I got married thirteen years ago. Unfortunately, I wasn’t in love with my wife at the time, and that has caused me many problems over these thirteen years.

I have two precious daughters, one twelve and one four, who are the best things that God has given me. But I can’t be affectionate toward my wife, and I treat her with indifference much of the time. Can you advise me about what to do?

Dear Friend,

Because you did not mention it, we must assume two things: first, that you have been faithful to your wife for thirteen years, and second, that you are not considering terminating your loveless marriage. We want to congratulate you for remaining true to the vows you made when you married your wife. You are rare in our world that elevates self-satisfaction above virtue. God will honor your integrity and perseverance.

We have great news for you! In many cultures, the marriage promise does not require romantic love at all, and yet relationships grow and flourish. In fact, the kind of romantic love that most people believe is an essential component in marriage is really just a misunderstood feeling. Even when that feeling is present on the wedding day, it may not last. And when that feeling is all there is, the marriage usually fails.

So what is the necessary component in marriage? It is a one‑time decision that two people make to build a life together, and then a daily decision to take positive actions to make it work. If the feeling of romantic love develops or continues, it is certainly easier to take those daily positive actions, but the decision and daily actions are not dependent on the feeling.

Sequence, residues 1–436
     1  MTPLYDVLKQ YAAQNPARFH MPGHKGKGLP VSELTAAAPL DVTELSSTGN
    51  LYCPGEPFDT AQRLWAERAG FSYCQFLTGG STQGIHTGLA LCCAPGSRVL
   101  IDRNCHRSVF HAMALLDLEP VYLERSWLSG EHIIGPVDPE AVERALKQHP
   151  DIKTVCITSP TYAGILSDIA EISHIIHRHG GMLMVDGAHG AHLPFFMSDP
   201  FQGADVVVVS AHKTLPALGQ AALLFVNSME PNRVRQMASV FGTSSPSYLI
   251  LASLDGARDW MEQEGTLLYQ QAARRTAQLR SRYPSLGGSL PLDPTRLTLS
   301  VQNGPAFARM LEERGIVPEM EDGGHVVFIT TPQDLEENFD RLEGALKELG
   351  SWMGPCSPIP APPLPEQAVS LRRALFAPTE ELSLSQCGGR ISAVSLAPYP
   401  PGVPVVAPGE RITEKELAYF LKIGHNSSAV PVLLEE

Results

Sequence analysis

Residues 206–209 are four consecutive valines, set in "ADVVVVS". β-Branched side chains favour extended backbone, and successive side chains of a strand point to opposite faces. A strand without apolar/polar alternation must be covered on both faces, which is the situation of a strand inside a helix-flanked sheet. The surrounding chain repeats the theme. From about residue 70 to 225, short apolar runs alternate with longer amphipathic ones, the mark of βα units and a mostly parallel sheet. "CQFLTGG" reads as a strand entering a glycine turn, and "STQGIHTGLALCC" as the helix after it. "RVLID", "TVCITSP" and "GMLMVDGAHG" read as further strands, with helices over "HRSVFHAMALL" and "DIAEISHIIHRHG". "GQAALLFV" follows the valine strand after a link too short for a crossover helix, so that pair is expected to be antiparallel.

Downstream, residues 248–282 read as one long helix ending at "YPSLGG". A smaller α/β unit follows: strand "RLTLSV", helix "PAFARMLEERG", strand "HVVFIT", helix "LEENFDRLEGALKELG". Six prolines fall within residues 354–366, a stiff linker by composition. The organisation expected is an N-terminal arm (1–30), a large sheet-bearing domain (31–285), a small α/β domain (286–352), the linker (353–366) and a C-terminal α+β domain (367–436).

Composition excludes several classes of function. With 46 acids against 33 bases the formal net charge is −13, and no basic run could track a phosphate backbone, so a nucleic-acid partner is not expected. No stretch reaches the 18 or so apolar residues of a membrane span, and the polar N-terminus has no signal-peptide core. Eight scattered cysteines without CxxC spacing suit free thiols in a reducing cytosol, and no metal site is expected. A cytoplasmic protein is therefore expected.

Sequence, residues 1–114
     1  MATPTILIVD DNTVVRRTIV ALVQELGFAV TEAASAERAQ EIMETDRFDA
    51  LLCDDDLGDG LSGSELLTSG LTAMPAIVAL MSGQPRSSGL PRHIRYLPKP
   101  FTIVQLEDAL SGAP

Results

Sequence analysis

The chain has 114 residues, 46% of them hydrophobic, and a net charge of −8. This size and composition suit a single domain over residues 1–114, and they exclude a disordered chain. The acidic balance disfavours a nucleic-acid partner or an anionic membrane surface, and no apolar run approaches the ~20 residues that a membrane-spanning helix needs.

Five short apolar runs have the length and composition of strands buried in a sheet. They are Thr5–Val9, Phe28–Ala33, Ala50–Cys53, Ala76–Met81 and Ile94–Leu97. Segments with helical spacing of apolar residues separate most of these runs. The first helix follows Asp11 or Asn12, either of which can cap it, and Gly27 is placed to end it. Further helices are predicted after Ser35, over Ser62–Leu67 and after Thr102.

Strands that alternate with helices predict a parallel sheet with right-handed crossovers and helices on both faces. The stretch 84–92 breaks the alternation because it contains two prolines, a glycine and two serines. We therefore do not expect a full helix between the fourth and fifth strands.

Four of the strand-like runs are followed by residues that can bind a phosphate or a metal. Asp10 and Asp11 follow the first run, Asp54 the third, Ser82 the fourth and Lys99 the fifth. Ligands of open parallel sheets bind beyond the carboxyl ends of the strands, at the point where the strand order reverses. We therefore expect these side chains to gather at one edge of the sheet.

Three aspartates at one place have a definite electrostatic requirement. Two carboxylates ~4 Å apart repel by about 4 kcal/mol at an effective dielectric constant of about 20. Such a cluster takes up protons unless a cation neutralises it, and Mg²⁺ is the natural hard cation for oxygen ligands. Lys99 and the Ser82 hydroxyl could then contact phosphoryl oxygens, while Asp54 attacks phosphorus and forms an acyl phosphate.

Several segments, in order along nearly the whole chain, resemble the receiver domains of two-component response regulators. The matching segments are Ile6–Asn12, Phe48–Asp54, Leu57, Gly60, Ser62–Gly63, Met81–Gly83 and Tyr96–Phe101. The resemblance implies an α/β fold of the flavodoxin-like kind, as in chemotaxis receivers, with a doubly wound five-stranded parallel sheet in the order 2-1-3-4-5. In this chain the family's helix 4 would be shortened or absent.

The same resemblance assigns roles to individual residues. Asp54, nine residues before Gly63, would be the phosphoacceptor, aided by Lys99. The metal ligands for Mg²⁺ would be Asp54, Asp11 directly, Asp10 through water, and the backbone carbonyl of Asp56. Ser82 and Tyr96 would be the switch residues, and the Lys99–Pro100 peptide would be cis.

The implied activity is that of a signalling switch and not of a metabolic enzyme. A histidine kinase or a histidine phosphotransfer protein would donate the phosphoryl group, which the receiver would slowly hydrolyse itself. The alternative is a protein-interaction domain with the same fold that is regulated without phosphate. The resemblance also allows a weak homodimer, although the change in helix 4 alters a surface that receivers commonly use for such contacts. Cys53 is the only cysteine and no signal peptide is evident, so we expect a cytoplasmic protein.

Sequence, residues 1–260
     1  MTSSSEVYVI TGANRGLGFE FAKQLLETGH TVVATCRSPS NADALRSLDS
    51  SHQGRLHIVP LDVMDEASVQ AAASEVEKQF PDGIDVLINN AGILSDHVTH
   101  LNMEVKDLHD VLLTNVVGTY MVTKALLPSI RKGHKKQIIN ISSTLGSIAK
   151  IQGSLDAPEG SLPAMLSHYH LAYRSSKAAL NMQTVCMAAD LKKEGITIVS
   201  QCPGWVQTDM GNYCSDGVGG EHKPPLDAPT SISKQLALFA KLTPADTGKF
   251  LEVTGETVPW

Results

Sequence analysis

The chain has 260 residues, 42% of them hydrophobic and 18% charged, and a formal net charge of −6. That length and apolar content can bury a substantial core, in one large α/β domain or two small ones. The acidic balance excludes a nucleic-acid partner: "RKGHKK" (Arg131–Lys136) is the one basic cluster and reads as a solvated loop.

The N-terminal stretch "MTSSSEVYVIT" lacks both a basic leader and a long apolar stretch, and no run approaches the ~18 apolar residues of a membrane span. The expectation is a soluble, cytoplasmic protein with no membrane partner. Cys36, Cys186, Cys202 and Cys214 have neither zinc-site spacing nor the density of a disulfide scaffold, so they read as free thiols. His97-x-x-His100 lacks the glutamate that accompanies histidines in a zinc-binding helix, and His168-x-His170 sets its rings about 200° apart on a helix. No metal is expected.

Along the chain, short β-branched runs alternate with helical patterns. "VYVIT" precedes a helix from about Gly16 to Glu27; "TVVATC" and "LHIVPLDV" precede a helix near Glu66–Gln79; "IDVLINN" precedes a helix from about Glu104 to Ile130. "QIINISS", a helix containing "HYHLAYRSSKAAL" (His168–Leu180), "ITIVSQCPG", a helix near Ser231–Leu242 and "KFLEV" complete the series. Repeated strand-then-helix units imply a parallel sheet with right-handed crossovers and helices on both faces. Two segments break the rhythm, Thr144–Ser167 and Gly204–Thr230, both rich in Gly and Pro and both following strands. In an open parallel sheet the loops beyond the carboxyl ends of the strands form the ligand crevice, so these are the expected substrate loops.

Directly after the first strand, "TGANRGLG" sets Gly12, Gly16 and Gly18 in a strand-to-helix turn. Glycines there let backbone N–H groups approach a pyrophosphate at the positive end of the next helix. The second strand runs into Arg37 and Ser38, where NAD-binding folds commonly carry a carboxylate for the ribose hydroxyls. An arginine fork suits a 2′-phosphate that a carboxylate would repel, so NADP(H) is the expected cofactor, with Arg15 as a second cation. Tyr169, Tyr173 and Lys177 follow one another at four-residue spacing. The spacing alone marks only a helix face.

So what should you do? First, apologize to your wife for the way that you say you have treated her. Second, tell her that you made a decision thirteen years ago to marry her and that you intend to keep that one‑time vow that you made by taking daily actions to strengthen your relationship. Ask her to help you make a list of daily actions that you can start with, choosing just two or three at a time to work on. We suggest the list include actions such as: verbally expressing appreciation for the ways that she takes care of you and the ways that she is a wonderful mother for your daughters; setting aside time to communicate with each other and agree upon priorities and discipline for your girls, as well as discuss things that are important to each of you; and spending time participating in recreational activities that you all enjoy. It may seem that she has what seems to be an excessive number of demands to add to the list. It will take great energy and patience on your part to follow through each day and to keep a good attitude, but we promise you that, as you take positive action, your wife will respond by taking actions herself.

If you can get marriage counseling, we recommend that you do so. You have a great deal of hard work to do to make your marriage work, and any type of support will be helpful. God will also help you if you call upon Him. He will give you the daily strength that you need to succeed, and will give you His wisdom in how to build a strong family.

You can do it!

Linda and Charles